PRIME Minister Hun Sen on Monday hailed the positive impact on Cambodia joining Asean, saying the bloc was a source of peace, security and prosperity.
The remarks were made in a letter published by the prime minister to mark the 20th anniversary of Cambodia becoming a full Asean member on April, 30 1999.
The letter said Cambodia’s Asean membership has become a core national defence policy linking the Kingdom’s socio-economic development and politics to regional integration and international cooperation.
Hun Sen said that 20 years on, Asean members maintained a foundation of unity and did not violate the principles of non-interference in each other’s internal affairs and national sovereignty.
The prime minister said Cambodia has also benefited a great deal economically from Asean. He highlighted that collectively, the group had become the Kingdom’s third-largest export market.
Moreover, Asean members are also among the Kingdom’s largest investors, and as of 2016, regional investment accounted for 17 per cent of direct foreign investment in Cambodia. Asean tourists also ranked third among foreign visitors.
However, Kin Phea, the director-general of the International Relations Institute at the Royal Academy of Cambodia, argued that despite the many benefits Cambodia has received from Asean, the organisation has proved unhelpful in regards to certain issues involving the Kingdom.
“In 2008, when Cambodia had a problem with Thailand, we forwarded the problem to Asean. But the members failed to intervene to seek a proper resolution to the dispute and only appealed to Cambodia and Thailand to have fortitude,” he said.
He was referring to a 2008 Preah Vihear province border dispute between the two nations.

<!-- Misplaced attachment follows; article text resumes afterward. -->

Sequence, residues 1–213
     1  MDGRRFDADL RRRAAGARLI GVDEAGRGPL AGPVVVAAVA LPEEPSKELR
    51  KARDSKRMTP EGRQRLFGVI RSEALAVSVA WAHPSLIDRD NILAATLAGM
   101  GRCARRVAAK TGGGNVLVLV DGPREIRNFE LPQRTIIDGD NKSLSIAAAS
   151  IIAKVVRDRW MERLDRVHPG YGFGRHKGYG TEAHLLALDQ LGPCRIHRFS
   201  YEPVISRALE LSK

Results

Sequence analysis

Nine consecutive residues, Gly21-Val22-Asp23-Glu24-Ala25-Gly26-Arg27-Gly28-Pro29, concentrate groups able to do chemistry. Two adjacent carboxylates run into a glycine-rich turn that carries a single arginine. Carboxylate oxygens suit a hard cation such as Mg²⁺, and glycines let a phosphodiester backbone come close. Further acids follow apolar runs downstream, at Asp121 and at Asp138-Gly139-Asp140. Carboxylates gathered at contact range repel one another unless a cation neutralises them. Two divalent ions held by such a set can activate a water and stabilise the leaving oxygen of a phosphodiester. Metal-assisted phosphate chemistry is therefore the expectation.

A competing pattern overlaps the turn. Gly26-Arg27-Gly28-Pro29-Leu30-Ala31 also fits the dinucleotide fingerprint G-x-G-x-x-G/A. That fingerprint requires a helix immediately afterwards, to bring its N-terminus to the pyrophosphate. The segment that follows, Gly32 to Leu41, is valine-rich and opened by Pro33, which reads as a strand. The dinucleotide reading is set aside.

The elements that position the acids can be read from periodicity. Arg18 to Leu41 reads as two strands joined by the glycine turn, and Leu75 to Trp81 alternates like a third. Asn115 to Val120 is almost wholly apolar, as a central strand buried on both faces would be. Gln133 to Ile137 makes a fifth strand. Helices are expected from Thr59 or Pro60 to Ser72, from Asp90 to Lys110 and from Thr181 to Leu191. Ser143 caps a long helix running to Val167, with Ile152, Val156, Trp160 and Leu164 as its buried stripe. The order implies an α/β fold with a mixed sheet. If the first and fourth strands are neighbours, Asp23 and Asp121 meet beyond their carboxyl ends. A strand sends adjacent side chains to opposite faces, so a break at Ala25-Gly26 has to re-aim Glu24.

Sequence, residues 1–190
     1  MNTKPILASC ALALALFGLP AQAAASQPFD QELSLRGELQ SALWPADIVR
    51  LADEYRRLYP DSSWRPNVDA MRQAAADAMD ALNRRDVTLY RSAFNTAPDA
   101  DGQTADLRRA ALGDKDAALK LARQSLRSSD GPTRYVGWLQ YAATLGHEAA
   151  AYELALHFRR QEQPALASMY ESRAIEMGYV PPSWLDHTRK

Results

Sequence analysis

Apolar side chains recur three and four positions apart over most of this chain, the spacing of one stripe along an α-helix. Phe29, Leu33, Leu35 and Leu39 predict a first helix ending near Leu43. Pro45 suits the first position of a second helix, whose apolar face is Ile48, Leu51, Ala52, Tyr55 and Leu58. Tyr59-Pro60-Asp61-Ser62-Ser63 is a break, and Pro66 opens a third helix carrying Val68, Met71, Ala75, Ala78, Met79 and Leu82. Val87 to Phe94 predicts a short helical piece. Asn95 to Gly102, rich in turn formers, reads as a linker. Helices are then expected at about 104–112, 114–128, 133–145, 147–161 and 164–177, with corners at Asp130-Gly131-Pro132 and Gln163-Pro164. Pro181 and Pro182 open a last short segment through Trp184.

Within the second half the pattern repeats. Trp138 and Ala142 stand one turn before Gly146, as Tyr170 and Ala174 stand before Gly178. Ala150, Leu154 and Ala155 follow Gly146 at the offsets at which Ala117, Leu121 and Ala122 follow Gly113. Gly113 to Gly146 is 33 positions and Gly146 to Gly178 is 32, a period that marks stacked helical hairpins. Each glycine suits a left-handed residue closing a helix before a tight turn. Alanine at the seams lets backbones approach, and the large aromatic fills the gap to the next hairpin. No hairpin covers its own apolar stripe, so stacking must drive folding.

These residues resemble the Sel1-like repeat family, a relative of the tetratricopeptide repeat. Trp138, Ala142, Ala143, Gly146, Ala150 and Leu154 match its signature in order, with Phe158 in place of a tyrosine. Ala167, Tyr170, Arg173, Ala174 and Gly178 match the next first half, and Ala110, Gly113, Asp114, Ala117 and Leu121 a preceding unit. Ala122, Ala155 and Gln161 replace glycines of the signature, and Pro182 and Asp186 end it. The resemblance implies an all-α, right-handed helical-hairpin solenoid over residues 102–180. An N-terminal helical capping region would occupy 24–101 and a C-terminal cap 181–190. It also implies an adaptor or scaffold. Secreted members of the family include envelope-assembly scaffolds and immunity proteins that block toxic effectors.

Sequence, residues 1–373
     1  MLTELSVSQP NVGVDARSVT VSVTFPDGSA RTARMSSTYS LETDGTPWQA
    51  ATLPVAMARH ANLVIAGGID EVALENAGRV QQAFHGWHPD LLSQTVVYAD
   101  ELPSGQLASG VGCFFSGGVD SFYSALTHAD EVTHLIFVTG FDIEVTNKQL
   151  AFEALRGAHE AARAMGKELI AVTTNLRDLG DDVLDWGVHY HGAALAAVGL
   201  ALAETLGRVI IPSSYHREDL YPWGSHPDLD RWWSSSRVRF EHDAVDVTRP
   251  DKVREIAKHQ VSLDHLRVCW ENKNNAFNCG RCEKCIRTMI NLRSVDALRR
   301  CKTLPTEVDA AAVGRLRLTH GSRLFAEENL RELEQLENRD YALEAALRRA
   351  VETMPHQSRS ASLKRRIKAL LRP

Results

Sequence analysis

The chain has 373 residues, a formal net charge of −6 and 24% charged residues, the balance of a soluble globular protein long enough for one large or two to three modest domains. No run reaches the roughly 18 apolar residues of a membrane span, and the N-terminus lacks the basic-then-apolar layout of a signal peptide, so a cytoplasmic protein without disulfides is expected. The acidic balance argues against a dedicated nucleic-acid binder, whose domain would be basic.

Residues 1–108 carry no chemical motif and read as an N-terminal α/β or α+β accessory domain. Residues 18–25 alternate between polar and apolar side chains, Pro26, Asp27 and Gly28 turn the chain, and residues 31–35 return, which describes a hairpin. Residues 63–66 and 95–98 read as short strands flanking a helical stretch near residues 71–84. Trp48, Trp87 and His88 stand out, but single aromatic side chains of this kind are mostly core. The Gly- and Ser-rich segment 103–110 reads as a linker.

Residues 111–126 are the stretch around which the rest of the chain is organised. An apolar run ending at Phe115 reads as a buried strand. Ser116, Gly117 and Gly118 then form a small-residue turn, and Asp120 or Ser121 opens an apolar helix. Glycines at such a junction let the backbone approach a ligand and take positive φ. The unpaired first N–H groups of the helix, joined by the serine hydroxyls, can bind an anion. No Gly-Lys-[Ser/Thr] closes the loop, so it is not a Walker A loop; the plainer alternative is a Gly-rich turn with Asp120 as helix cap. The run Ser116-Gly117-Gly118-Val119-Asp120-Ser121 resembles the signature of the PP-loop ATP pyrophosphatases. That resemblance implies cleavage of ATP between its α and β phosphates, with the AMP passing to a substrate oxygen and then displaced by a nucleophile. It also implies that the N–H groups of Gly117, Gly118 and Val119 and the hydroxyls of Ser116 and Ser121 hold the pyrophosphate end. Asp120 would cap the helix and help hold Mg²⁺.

Phea said: “The matter remained unsolved until we took the case to the UN Security Council. At the final stage, we took the judgment from The Hague for the International Court of Justice to interpret again, at which point they ruled in favour of Cambodia.”
Social analyst Meas Nee said that although the open economic market facilitated by Asean has helped Cambodia’s economy to grow, data showed that the Kingdom was facing a trade imbalance with the bloc and imported far more than it exported.
“We import [goods] from our neighbouring countries worth from $4 to $5 billion a year, but we export [goods] worth no more than $500 million a year. This is a problem that needs to be considered,” he said.
Nee said the government has not yet demonstrated significant success in agreeing market access for Cambodia’s agricultural products, with many Asean countries barring imports due to food safety concerns.
He said this was the reason why the Kingdom’s farmers were discouraged and millions of people were flocking to work in foreign countries. If these obstacles are not resolved in the near future, Nee said, then it will severely harm Cambodia’s economy.